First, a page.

Chico Tabibuia (1936 - 2007)

Casal de Saci Pererê com duas cobras
Saci Pererê Couple with Two Snakes

height: 104cm
width: 30cm

Donated by Paulo Pardal 2002


This piece is one in a large number of woodcarvings by Chico Tabibuia that are sculpted from individual tree trunks. He obtains the subject matter of his works from his own dreams, using this ritual process as his only working method. The sculptures impersonate deities or orixas from the Umbanda pantheon with large sexual attributes, which makes them both erotic and sacred. He also follows his dreams to choose the gender for his pieces, which might change if the dream so indicates, even after he has worked on a figure.

Casal de Saci Pererê com duas cobras seems a recreation of the myth of Adam and Eve, the archetypical couple, forefathers of all creation, here accompanied by not one but two snakes. The ensemble is a tight composition of interlocking forms in which one figure seems to merge with the other, carved out of the same section of wood. The male figure has a pointed head and cloven feet; his enormous phallus, trademark of all Tabibuia's sculptures, imbues the figure with supra-natural qualities of fertility. The female figure presents blocky feet and small breasts. Her sexual attributes are symbolised by a slit in the wood. The title of the piece suggests a link to Saci Pererê. According to popular belief dating back to the late 18th century, Saci Pererê is an elusive spirit of the forest, to blame for the disappearance of objects. He remains a very popular mythical entity among Brazilian people, represented as a little one-legged man smoking a pipe and wearing a red cap that gives him magic powers.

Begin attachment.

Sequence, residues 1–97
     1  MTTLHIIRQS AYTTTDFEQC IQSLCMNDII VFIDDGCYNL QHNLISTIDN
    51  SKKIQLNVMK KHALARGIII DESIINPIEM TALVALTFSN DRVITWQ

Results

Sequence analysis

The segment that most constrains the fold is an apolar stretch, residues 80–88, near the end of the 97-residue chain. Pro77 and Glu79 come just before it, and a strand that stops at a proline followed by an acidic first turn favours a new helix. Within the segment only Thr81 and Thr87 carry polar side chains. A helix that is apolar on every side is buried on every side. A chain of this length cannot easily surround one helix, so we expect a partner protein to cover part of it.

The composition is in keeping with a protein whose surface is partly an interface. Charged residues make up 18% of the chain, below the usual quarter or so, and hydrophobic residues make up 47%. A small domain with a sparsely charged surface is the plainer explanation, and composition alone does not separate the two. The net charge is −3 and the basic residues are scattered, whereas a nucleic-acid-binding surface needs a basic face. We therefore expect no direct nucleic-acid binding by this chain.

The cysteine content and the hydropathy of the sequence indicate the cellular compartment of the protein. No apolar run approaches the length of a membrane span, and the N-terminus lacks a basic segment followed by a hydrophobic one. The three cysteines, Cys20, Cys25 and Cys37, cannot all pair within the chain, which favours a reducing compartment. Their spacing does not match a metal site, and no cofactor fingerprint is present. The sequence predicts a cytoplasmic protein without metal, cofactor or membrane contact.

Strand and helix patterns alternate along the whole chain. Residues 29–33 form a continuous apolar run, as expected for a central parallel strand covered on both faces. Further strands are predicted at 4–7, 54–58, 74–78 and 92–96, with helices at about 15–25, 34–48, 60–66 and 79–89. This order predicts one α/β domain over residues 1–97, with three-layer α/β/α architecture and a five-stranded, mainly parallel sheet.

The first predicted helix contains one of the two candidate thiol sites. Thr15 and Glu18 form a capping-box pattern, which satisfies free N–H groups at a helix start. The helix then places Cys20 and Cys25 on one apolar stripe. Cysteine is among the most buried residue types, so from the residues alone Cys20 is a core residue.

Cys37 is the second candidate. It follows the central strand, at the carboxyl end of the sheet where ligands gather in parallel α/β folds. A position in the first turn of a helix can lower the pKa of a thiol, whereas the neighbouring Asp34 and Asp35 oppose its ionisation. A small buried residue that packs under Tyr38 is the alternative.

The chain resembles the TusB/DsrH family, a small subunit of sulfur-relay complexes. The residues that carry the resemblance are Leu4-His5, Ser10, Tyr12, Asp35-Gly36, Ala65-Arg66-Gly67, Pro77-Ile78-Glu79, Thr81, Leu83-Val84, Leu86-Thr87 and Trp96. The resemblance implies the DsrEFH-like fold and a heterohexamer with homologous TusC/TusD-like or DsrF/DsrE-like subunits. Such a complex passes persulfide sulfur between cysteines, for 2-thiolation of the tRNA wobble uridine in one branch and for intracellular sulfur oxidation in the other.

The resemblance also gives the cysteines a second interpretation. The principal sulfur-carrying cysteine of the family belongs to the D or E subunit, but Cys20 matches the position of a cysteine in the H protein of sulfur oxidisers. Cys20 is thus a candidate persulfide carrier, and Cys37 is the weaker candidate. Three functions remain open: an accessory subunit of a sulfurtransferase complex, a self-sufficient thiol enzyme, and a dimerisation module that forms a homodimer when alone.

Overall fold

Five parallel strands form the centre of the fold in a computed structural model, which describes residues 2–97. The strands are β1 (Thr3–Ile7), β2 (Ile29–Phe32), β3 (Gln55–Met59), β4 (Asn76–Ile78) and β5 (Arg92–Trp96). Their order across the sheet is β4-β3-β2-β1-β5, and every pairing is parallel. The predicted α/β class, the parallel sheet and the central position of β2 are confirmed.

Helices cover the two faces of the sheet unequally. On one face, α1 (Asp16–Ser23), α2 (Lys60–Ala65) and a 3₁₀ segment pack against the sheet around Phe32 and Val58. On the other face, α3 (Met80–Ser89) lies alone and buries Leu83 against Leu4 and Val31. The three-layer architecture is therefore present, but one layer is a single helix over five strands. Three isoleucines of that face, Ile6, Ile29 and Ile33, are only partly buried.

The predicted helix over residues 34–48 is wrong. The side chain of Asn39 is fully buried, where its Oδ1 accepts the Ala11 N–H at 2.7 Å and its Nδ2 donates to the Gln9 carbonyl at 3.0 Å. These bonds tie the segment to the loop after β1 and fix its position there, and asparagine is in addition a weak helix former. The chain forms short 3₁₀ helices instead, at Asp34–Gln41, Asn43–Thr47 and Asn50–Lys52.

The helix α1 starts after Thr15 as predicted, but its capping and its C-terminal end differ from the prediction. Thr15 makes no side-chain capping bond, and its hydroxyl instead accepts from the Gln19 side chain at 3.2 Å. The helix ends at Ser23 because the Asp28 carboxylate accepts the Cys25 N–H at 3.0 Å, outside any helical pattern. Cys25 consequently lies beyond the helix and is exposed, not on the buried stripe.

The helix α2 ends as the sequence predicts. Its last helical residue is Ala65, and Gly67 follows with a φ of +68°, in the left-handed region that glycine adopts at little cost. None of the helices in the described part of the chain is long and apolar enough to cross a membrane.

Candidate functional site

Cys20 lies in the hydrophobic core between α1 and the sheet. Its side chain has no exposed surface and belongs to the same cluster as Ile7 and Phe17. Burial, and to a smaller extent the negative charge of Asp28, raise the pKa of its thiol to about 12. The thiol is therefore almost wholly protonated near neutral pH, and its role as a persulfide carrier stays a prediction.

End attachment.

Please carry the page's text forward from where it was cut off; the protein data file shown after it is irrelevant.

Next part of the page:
Gabriela Salgado, 2005

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